Abstractions and artist books are the themes with which Amy Galpin, Curator of the Patricia and Phillip Frost Art Museum, celebrated the opening of two exciting art exhibitions: Cut-Abstraction in the United States from 1970s-Present and Spheres of Meaning, an exhibition of Artist’s Books, both on display until August 25th 2019.
The opening of the exhibitions followed by the conversation between Amy Galpin and two of the artists on display: Carol Todaro and Loriel Beltrán, both living in Miami. The two artists support the importance of the experimentation process on the different materials that led them to the production of their works. Carol Todaro, who exhibits in Spheres of Meaning, an exhibition of Artist’s Books, is a teacher at the New World School of the Arts in Miami and is an artist and writer who combines both activities by creating artists’ books. The balance of the work on display (Villanelle, 2019) is the translucency and transparency of the large-scale work, played on pastel shades and supported by lecterns, as if they were ephemeral music.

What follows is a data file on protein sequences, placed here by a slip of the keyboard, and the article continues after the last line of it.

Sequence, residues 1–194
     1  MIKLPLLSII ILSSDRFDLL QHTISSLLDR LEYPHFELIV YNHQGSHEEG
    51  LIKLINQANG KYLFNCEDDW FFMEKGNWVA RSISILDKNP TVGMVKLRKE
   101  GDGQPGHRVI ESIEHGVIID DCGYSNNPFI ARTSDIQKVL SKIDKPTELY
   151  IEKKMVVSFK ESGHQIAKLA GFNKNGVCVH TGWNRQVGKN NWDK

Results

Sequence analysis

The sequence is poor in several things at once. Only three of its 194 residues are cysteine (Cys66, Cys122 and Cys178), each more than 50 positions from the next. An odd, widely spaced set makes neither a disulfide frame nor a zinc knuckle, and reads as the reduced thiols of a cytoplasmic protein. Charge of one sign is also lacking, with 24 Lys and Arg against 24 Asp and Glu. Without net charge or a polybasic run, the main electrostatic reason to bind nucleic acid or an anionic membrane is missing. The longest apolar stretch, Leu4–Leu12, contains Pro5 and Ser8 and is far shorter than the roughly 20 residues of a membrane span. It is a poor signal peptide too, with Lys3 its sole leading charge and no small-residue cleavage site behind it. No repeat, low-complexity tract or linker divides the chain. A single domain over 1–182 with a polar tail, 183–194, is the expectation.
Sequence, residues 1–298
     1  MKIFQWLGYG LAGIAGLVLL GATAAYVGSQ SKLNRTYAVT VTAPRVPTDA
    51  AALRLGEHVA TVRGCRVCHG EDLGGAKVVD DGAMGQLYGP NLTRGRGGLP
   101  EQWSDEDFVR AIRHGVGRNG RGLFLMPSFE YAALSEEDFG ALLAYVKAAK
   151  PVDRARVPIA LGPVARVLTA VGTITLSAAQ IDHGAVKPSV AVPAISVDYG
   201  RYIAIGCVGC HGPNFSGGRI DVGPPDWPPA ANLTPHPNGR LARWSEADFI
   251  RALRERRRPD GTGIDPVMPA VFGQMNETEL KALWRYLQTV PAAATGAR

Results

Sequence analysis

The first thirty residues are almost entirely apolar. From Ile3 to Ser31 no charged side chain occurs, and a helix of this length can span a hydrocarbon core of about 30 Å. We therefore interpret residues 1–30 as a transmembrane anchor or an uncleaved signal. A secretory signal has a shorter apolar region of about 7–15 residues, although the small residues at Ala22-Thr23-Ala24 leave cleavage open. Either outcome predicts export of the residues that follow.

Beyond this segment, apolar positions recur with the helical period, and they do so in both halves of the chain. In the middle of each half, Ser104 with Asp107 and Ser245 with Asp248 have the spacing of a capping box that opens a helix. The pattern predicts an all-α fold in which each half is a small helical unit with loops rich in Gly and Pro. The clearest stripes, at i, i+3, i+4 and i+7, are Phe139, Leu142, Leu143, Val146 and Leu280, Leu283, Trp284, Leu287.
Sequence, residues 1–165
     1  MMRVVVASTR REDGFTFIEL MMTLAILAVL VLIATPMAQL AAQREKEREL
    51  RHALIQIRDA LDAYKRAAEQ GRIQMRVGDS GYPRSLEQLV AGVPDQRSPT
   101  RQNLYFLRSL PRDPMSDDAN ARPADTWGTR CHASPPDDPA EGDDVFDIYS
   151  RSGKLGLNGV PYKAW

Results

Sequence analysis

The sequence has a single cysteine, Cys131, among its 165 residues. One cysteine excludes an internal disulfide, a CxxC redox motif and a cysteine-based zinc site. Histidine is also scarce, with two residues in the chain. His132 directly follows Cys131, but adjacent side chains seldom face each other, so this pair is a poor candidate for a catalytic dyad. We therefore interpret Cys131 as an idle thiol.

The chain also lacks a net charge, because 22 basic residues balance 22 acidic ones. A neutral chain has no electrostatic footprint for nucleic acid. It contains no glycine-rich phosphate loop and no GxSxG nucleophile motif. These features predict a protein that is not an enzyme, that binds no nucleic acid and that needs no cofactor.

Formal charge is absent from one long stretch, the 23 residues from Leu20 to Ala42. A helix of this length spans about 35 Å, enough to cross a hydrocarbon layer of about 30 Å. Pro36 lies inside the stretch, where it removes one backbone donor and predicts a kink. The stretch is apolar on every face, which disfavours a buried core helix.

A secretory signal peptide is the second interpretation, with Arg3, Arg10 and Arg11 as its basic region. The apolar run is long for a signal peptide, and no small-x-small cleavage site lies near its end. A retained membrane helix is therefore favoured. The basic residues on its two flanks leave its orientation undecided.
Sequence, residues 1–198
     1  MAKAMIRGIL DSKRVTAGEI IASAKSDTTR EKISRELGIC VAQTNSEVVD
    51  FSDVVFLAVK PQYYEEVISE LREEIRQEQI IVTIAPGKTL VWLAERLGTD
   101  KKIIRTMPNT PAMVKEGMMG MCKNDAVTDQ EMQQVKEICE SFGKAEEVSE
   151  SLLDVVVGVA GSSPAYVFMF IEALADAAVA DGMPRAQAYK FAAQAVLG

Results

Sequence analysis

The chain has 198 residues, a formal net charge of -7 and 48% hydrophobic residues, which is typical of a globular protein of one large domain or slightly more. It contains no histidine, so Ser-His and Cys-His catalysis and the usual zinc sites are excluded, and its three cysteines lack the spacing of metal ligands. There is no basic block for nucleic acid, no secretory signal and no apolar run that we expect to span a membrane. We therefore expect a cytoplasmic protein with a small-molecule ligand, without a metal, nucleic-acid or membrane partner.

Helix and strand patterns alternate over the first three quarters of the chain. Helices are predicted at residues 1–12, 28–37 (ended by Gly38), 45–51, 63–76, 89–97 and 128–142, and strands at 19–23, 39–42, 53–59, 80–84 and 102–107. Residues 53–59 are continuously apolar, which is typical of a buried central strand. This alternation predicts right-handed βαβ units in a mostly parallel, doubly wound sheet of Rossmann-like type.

Loriel Beltran, exhibits in Cut-Abstraction in the United States from 1970s-Present. She was one of the founders of what was one of the most entertaining art galleries in Miami, initially called Guccivuitton and then Versace Versace Versace. In his work, Classical Weight, he conceives abstract art as a process that takes months, even years, of preparation and consists of layers of color left to dry in the air and grated until they are compressed one on top of the other as if they were layers deposited and amassed by time that let us see all the colors of which they are composed.
In addition to these two artists, many other artists took part in the exhibitions.
Cut-Abstraction in the United States from 1970s to Present, is an exhibition that offers several generations of American artists in comparison that trace the history of American abstraction, helping to pursue new directions in the field, which expand previous studies with a different approach. To name a few of the artists: Jack Whitten, which his work covers the years 1974-5, Alejandro Contreras, with work up to 2019, Sam Giliam (1979), Ed Clark, (1999), Alvin Loving, Jr, Charo Oquet , Howardena Pindell, and many others.
Abstract art has played a fundamental role in the history of modern and contemporary art in the United States of America, challenging the traditional ideas of artistic canons. Thanks to the incipit of abstraction, some artists abandoned the brush in favor of the spatula, or of the paint diluted and recomposed in shapes, lines and colors arranged in order to create a composition that could exist with a degree of independence in its own right with respect to the references visuals in the world.